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Making the Connection: A Call to Action Against Undiagnosed Atrial Fibrillation—Improving Detection, Reducing Risk

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Christian T. Ruff, MD, MPH, prepared useful practice aids pertaining to atrial fibrillation for this CME/CE/CPE activity titled "Making the Connection: A Call to Action Against Undiagnosed Atrial Fibrillation—Improving Detection, Reducing Risk." For the full presentation, monograph, complete CME/CNE/CPE information, and to apply for credit, please visit us at http://bit.ly/2FB4jdU. CME/CNE/CPE credit will be available until March 26, 2021.

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Making the Connection: A Call to Action Against Undiagnosed Atrial Fibrillation—Improving Detection, Reducing Risk

  1. 1. Access the activity,“Making the Connection: A Call to Action Against Undiagnosed Atrial Fibrillation,”at PeerView.com/NTH40 AAFP Updated Guideline on Pharmacologic Management of Newly Detected Atrial Fibrillation1 PRACTICE AID AAFP: American Academy of Family Physicians; AF: atrial fibrillation; CHA2 DS2 -VASc: congestive heart failure, hypertension, age ≥75 years, diabetes mellitus, stroke/transient ischemic attack/ thromboemolic event, vascular disease, age 65 to 74 years, sex category; CHADS2 : congestive heart failure, hypertension, age ≥75 years, diabetes mellitus, stroke/transient ischemic attack/ thromboembolic event; HAS-BLED: hypertension, abnormal renal and liver function, stroke history, bleeding (prior major bleeding or predisposition to bleeding), labile INR, elderly (age >65 years), medication usage predisposing to bleeding and prior alcohol or drug usage history. 1. Hauk L. Am Fam Physician. 2017;96:332-333. Recommendation 1 The AAFP strongly recommends rate control in preference to rhythm control for the majority of patients with AF Preferred options for rate-control therapy include non-dihydropyridine calcium channel blockers and ß-blockers Rhythm control may be considered for certain patients based on symptoms, exercise tolerance, and patient preferences Recommendation 2 The AAFP recommends lenient rate control (<110 bpm at rest) over strict rate control (<80 bpm at rest) for patients with atrial fibrillation Recommendation 3 The AAFP recommends that clinicians discuss the risk of stroke and bleeding with all patients considering anticoagulation Clinicians should consider using the continuous CHADS2 or continuous CHA2DS2-VASc for prediction for risk of stroke and HAS-BLED for prediction of risk for bleeding in patients with AF Recommendation 4 The AAFP strongly recommends that patients with atrial fibrillation receive chronic anticoagulation unless they are at low risk of stroke (CHADS2 <2) or have specific contraindications Choice of anticoagulation therapy should be based on patient preferences and patient history. Options for anticoagulant therapy may include warfarin, apixaban, dabigatran, edoxaban, or rivaroxaban Recommendation 5 The AAFP strongly recommends against dual treatment with anticoagulant and antiplatelet therapy in most patients who have atrial fibrillation Strong recommendation, high-quality evidence Strong recommendation, moderate-quality evidence Weak recommendation, low-quality evidence Good practice point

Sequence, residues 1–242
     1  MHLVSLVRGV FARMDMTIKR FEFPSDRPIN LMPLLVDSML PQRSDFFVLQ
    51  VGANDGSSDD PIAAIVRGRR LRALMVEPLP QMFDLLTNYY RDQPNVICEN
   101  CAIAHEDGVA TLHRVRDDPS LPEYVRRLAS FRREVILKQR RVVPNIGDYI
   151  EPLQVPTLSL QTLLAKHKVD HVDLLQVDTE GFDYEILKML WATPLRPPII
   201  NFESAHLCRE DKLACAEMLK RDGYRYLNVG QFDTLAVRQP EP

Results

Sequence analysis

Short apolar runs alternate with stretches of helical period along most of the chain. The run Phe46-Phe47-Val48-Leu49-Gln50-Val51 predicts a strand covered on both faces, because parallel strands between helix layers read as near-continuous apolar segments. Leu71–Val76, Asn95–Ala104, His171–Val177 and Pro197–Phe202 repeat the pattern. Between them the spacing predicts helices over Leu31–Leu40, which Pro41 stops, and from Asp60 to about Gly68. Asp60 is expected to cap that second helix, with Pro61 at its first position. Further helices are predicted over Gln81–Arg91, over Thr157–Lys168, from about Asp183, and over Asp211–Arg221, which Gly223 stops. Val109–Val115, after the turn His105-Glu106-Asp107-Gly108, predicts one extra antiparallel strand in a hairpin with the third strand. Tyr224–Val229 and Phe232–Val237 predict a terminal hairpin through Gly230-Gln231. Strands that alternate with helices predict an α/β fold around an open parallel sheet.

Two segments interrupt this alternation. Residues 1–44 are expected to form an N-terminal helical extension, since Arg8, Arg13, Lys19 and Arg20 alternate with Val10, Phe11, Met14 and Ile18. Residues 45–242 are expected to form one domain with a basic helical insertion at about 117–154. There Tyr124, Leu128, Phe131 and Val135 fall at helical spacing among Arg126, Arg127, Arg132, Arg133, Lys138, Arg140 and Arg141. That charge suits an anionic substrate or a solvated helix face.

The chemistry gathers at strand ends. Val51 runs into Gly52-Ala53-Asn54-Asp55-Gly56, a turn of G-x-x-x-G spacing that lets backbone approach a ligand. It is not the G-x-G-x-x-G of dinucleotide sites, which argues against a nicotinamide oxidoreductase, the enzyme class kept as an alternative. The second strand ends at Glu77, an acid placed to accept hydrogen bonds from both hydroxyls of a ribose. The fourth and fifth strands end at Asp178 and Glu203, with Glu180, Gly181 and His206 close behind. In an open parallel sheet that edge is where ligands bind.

2. 2. Access the activity,“Making the Connection: A Call to Action Against Undiagnosed Atrial Fibrillation,”at PeerView.com/NTH40 EHRA Atrial Fibrillation Screening Method and AF-SCREEN Recommended Populations AF: atrial fibrillation; BP: blood pressure; EHRA: European Heart Rhythm Association; ESUS: embolic stroke of undetermined source; PPG: photoplethysmography. 1. Mairesse GH et al. Eurospace. 2017;19:1589-1623. 2. Freedman B et al. Circulation. 2017;135:1851-1867. PRACTICE AID Automated BP measurement Pulse palpation Multi-lead patch recording Handheld ECG devices Implanted devices Smartphone application ECG confirmation • Clinical evaluation • 12-lead ECG • Refer for echocardiogram • Treat underlying heart disease • Assess risk of stroke • Anticoagulation if needed • Rate-control therapy • Rhythm control if needed European Heart Rhythm Association Atrial Fibrillation Screening Method1 AF-SCREEN Screening Recommendations2 Primary care or specialist clinics Non-medical healthcare practitioners: Pharmacy General populations: Various venues Where? People aged ≥65 years Patients aged <65 years + enrichmenta Whom? • Opportunistic pulse then ECG • Single time point: Single-lead ECG • Patient activated ECG (2-week): >75 years old or younger if high risk • Post-stroke ESUS: Long-term continuous Patient-activated devices: Blood pressure/PPG How? AF-SCREEN preferred Possible with further data Clinical screening ECG screening a Use of additional risk factors or biomarkers to increase the proportion with unknown AF in the screened population.